Nominee for VA Deputy Advances in Senate But Faces Bumpy Road Ahead

Tanya Bradsher
Tanya Bradsher speaks at the 24th Annual Women in Military Service Wreath Laying Ceremony held at the Women in Military Service for America Memorial, May 18, 2022. (Robert Turtil/Department of Veterans Affairs)

The nominee to be the next No. 2 official at the Department of Veterans Affairs has been advanced by a Senate panel, but could face a bumpy road to final confirmation.

The Senate Veterans Affairs Committee on Thursday voted 13-6 to advance Tanya Bradsher, who was nominated by President Joe Biden to be the next deputy VA secretary. If confirmed, Bradsher, a retired Army lieutenant colonel who currently serves as VA chief of staff, would be the first woman to permanently hold the post.

But Sen. Chuck Grassley, R-Iowa, has signaled he could throw up roadblocks that slow full Senate approval for Bradsher over concerns that an IT system under her purview is not properly protecting whistleblowers' identities.

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"Sen. Grassley remains deeply concerned that Tanya Bradsher's mishandling of veterans' private, sensitive information -- including whistleblowers' information -- makes her ineligible for this role," his office said in a statement to "Sen. Grassley plans to continue working to shed light on Ms. Bradsher's shortcomings."

Grassley's office has not explicitly said he plans to place what's known as a hold on Bradsher, but he previously used the procedural tactic to stall the confirmation of the VA's under secretary for benefits over concerns about whistleblower protections.

A hold does not prevent a nominee from being confirmed, but means the confirmation could take considerably longer since the Senate would have to find time for floor votes.

Bradsher is a Bronze Star recipient who served in Iraq from 2008 to 2009. Since retiring from the military in 2013, she has also built up a lengthy resume in government, including stints at the National Security Council; the office of Rep. Don Beyer, D-Va.; the Defense Health Agency; and White House Office of Public Engagement.

In May, she breezed through her confirmation hearing, where she vowed to make outreach to female veterans a priority.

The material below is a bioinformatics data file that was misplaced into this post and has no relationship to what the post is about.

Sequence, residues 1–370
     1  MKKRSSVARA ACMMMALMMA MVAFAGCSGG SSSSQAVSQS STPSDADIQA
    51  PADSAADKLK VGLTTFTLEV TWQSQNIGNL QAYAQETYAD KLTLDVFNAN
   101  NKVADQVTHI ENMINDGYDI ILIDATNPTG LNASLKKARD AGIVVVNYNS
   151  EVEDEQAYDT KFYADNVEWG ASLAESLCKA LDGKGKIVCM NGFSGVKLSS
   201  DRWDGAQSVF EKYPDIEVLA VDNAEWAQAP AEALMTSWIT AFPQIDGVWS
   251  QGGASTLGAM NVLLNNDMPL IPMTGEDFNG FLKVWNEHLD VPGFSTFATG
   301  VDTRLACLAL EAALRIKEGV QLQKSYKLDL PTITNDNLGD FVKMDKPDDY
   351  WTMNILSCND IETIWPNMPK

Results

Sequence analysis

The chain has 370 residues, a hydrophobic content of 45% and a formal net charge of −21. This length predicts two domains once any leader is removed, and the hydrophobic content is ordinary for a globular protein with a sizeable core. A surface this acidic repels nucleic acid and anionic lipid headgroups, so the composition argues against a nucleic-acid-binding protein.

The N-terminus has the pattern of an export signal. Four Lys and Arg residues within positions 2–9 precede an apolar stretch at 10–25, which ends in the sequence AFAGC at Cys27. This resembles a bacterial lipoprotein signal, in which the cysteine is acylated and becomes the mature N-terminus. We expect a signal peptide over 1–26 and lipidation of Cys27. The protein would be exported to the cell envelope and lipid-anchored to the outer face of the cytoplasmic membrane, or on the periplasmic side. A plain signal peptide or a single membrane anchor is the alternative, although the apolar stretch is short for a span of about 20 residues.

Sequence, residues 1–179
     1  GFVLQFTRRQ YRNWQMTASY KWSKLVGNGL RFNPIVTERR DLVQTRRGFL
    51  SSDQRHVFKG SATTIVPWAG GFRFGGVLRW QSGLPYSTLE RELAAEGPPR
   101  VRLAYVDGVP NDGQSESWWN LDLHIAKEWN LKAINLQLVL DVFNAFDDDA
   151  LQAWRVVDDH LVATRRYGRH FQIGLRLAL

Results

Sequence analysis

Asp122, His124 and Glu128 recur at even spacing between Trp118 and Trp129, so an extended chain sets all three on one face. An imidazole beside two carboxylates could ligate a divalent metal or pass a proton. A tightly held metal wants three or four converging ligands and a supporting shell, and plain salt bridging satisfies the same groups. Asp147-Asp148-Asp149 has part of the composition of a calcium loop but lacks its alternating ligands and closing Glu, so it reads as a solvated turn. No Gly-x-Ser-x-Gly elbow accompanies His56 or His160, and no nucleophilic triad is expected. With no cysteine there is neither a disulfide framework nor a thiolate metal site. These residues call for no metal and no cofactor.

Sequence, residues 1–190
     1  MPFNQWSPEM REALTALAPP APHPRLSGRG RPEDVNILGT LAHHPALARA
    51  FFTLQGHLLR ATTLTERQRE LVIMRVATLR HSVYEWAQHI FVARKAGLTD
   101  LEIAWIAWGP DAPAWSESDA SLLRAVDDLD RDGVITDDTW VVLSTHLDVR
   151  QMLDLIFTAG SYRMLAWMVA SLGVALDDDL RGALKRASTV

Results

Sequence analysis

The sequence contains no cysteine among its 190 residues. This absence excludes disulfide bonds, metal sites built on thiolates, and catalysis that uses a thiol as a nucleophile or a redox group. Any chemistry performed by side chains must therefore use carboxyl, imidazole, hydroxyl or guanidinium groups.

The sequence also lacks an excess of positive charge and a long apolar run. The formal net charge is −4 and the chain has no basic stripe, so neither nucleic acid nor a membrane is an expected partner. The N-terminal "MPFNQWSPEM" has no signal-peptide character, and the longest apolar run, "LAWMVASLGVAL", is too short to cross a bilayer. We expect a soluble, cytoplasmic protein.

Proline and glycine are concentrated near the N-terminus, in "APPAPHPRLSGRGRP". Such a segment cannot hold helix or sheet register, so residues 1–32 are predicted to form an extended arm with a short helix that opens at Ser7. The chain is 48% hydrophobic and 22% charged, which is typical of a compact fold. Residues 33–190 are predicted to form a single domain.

"I have met so many women who don't recognize their own service, who minimize their time," she said.

Veterans Affairs Committee members have heaped praise on her.

"Tanya Bradsher's background in both military and civilian service demonstrates that she's well-qualified to serve as VA's second-in-command, and if confirmed I look forward to holding her accountable in delivering for our nation's veterans and their families," committee Chairman Jon Tester, D-Mont., said in a statement Thursday after the committee advanced her.

Grassley's opposition to her centers on an issue that was not raised at her hearing: an internal messaging system at the VA known as the Veterans Affairs Integrated Enterprise Workflow Solution, or VIEWS. Last year, a whistleblower alleged the VA was failing to protect personal information, including Social Security numbers and medical records, of whistleblowers, veterans and employees because the information was available to anyone with access to VIEWS.

After the whistleblower complaint, a government watchdog directed the VA to conduct its own investigation into the allegations, giving the department a 60-day deadline.

"However, you should be aware that these investigations usually take longer, and agencies frequently request and receive extensions of the due date," the U.S. Office of Special Counsel added in an August 2022 letter to the whistleblower obtained by

In a letter to VA Secretary Denis McDonough last month, Grassley complained the investigation was still incomplete.

"VA and Ms. Bradsher must immediately explain their failure to protect this information for so long, even after being notified of these potential violations of federal data privacy laws," he wrote. "VA must also explain its delays in investigating the matter, while this sensitive information apparently remains available to those who should not have access to it."

In a letter responding to Grassley earlier this month, the VA said it expects its Office of Information and Technology to complete an investigation by Aug. 1 and said that, since last year's whistleblower complaint, the department has "improved training and implemented security enhancements limiting access to further strengthen protections of sensitive information in VIEWS."

Bradsher also told senators in written answers that she takes "the privacy of the veterans, families, caregivers and survivors that we serve extremely seriously and will continue to do everything in my power to protect it."

Grassley's office, though, said he found the responses "dissatisfactory."

-- Rebecca Kheel can be reached at Follow her on Twitter @reporterkheel.

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